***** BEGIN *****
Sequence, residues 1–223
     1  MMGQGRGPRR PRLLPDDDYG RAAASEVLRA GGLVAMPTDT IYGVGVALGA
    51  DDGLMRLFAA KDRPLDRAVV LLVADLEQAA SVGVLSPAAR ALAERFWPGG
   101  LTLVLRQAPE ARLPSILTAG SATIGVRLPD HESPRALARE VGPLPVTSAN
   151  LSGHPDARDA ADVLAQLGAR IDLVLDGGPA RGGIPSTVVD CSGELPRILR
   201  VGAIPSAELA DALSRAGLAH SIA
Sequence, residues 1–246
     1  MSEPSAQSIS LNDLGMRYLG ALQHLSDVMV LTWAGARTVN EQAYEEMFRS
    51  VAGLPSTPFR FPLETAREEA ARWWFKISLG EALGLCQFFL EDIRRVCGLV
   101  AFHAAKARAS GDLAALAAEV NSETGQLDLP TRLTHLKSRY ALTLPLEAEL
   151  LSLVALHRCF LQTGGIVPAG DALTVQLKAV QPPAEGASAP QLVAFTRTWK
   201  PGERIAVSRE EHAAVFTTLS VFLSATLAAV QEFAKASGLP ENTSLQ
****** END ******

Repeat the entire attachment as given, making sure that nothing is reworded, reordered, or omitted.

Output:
Sequence, residues 1–223
     1  MMGQGRGPRR PRLLPDDDYG RAAASEVLRA GGLVAMPTDT IYGVGVALGA
    51  DDGLMRLFAA KDRPLDRAVV LLVADLEQAA SVGVLSPAAR ALAERFWPGG
   101  LTLVLRQAPE ARLPSILTAG SATIGVRLPD HESPRALARE VGPLPVTSAN
   151  LSGHPDARDA ADVLAQLGAR IDLVLDGGPA RGGIPSTVVD CSGELPRILR
   201  VGAIPSAELA DALSRAGLAH SIA
Sequence, residues 1–246
     1  MSEPSAQSIS LNDLGMRYLG ALQHLSDVMV LTWAGARTVN EQAYEEMFRS
    51  VAGLPSTPFR FPLETAREEA ARWWFKISLG EALGLCQFFL EDIRRVCGLV
   101  AFHAAKARAS GDLAALAAEV NSETGQLDLP TRLTHLKSRY ALTLPLEAEL
   151  LSLVALHRCF LQTGGIVPAG DALTVQLKAV QPPAEGASAP QLVAFTRTWK
   201  PGERIAVSRE EHAAVFTTLS VFLSATLAAV QEFAKASGLP ENTSLQ